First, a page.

Deletion of a conserved regulatory element required for Hmx1 expression in craniofacial mesenchyme in the dumbo rat: a newly identified cause of congenital ear malformation.
Disease models & mechanisms , 2012 Nov: 5(6)812-22
Deletion of a conserved regulatory element required for Hmx1 expression in craniofacial mesenchyme in the dumbo rat: a newly identified cause of congenital ear malformation.
Disease models & mechanisms , 2012 Nov: 5(6)812-22
Comparing canal transportation and centering ability of endosequence and vortex rotary files by using micro-computed tomography.
Journal of endodontics , 2012 Aug: 38(8)1121-5
A human homeotic transformation resulting from mutations in PLCB4 and GNAI3 causes auriculocondylar syndrome.
American journal of human genetics , 2012 May 4: 90(5)907-14
Hmx1 is required for the normal development of somatosensory neurons in the geniculate ganglion.
Developmental biology , 2012 May 1: 365(1)152-63
Microtia: Epidemiology and genetics.
American journal of medical genetics. Part A , 2012 Jan: 158A(1)124-39
Mutation discovery in mice by whole exome sequencing.
Genome biology , 2011 Sep 14: 12(9)R86
Heterozygous mutations of FREM1 are associated with an increased risk of isolated metopic craniosynostosis in humans and mice.
PLoS genetics , 2011 Sep: 7(9)e1002278
Facial suture synostosis of newborn Fgfr1(P250R/+) and Fgfr2(S252W/+) mouse models of Pfeiffer and Apert syndromes.
Birth defects research. Part A, Clinical and molecular teratology , 2011 Jul: 91(7)603-9
Manitoba-oculo-tricho-anal (MOTA) syndrome is caused by mutations in FREM1.
Journal of medical genetics , 2011 Jun: 48(6)375-82
Efficacy of sonic and ultrasonic activation for removal of calcium hydroxide from mesial canals of mandibular molars: a microtomographic study.
Journal of endodontics , 2011 Feb: 37(2)235-8
Vascular remodeling of the vitelline artery initiates extra-vascular emergence of hematopoietic clusters.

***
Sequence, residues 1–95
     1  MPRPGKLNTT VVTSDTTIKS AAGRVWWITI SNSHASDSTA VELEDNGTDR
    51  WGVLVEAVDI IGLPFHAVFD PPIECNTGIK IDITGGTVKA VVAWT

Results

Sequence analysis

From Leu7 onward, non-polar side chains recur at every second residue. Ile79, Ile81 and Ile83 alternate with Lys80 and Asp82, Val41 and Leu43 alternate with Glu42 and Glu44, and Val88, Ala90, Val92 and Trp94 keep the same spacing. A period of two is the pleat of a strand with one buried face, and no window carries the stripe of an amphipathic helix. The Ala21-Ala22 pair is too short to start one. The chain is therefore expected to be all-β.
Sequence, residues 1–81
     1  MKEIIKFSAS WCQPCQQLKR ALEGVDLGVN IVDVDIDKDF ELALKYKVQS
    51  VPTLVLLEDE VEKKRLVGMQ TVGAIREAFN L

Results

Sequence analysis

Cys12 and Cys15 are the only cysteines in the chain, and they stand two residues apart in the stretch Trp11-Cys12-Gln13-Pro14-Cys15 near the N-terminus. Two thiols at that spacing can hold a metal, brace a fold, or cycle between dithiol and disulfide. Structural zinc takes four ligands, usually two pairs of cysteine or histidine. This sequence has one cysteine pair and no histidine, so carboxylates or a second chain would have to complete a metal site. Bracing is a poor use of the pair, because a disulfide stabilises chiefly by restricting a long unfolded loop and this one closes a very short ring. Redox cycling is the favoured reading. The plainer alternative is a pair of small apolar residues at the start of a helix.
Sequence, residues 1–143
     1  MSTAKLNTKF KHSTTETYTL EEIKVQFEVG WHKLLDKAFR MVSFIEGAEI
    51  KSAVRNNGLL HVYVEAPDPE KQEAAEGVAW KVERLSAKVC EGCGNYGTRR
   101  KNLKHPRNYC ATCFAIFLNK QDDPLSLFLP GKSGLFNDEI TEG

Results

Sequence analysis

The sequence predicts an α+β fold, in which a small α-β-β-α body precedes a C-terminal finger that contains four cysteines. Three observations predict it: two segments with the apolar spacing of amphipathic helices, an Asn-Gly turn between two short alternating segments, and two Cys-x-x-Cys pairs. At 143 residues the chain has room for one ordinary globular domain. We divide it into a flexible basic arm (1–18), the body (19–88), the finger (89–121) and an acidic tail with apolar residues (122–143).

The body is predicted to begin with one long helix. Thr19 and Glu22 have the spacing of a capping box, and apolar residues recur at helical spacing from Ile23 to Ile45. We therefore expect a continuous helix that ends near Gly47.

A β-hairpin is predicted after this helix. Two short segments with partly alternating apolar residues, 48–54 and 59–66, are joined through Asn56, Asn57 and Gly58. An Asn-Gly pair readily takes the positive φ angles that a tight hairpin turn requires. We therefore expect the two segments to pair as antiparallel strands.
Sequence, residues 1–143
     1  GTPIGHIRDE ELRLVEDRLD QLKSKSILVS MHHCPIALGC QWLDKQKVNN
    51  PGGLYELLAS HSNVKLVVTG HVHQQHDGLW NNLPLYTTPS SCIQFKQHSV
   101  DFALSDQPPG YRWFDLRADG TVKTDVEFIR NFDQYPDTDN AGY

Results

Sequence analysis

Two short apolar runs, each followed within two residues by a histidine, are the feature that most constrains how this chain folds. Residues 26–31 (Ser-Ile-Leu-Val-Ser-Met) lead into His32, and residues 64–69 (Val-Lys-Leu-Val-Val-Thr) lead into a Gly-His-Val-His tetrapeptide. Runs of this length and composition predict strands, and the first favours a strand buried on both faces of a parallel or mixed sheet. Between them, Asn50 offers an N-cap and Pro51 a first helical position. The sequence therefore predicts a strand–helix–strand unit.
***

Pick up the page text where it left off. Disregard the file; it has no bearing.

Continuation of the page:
Blood , 2010 Aug 10
Cyclin-dependent kinase-like 5 (CDKL5) mutation screening in Rett syndrome and related disorders.
Twin research and human genetics : the official journal of the International Society for Twin Studies , 2010 Apr: 168-78
Maternal ethanol consumption alters the epigenotype and the phenotype of offspring in a mouse model.
PLoS genetics , 2010 Jan 15: e1000811
Purifying natively folded proteins from inclusion bodies using sarkosyl, Triton X-100, and CHAPS.
BioTechniques , 2010 Jan: 61-4
Compensatory growth of healthy cardiac cells in the presence of diseased cells restores tissue homeostasis during heart development.
Developmental cell , 2008 Oct: 521-33
Structure of the MID1 tandem B-boxes reveals an interaction reminiscent of intermolecular ring heterodimers.
Biochemistry , 2008 Feb 26: 2450-7
A genome-wide screen for modifiers of transgene variegation identifies genes with critical roles in development.
Genome biology , 2008: R182
Solution structure of the MID1 B-box2 CHC(D/C)C(2)H(2) zinc-binding domain: insights into an evolutionarily conserved RING fold.
Journal of molecular biology , 2007 May 25: 1-10
Somatic FGFR and TWIST mutations are not a common cause of isolated nonsyndromic single suture craniosynostosis.
The Journal of craniofacial surgery , 2007 Mar: 312-4
Solution structure of the RBCC/TRIM B-box1 domain of human MID1: B-box with a RING.
Journal of molecular biology , 2006 Apr 28: 532-45
A case of Beare-Stevenson syndrome with a broad spectrum of features and a review of the FGFR2 Y375C mutation phenotype.
Clinical dysmorphology , 2006 Apr: 89-93
Subclassification of the RBCC/TRIM superfamily reveals a novel motif necessary for microtubule binding.
The Journal of biological chemistry , 2006 Mar 31: 8970-80
Expression profiles of cIRF6, cLHX6 and cLHX7 in the facial primordia suggest specific roles during primary palatogenesis.
BMC developmental biology , 2006 Mar 24: 18
Mild phenotypes in a series of patients with Opitz GBBB syndrome with MID1 mutations.
American journal of medical genetics. Part A , 2005 Jan 1: 1-7
The major splice variant of human 5-aminolevulinate synthase-2 contributes significantly to erythroid heme biosynthesis.
The international journal of biochemistry & cell biology , 2004 Feb: 281-95
A new X-linked syndrome with agenesis of the corpus callosum, mental retardation, coloboma, micrognathia, and a mutation in the Alpha 4 gene at Xq13.
American journal of medical genetics. Part A , 2003 Nov 15: 37-44
Expression of three spalt (sal) gene homologues in zebrafish embryos.
Development genes and evolution , 2003 Feb: 35-43
Complementation of a yeast CYC3 deficiency identifies an X-linked mammalian activator of apocytochrome c.
Genomics , 2002 Jan: 51-7

Research Funding

Grant TitleGrantorAmountAward Date
Genetic and Developmental Pathways Causing Midfacial HypoplasiaNIH NIDCR $, $2,278,095 2012 - 2017
Comprehensive Training in Inter-Disciplinary Oral Health ResearchNIH NIDCR 2012 - 2017
Laboratory of Developmental BiologyNIH NICHD $, $1,802,560 2011 - 2016

Primary Office

Seattle Children's Research Institute
JMB - 5 - Center for Developmental Biology and Regenerative Medicine
1900 - 9th Ave
Seattle, WA 98101
206-884-1136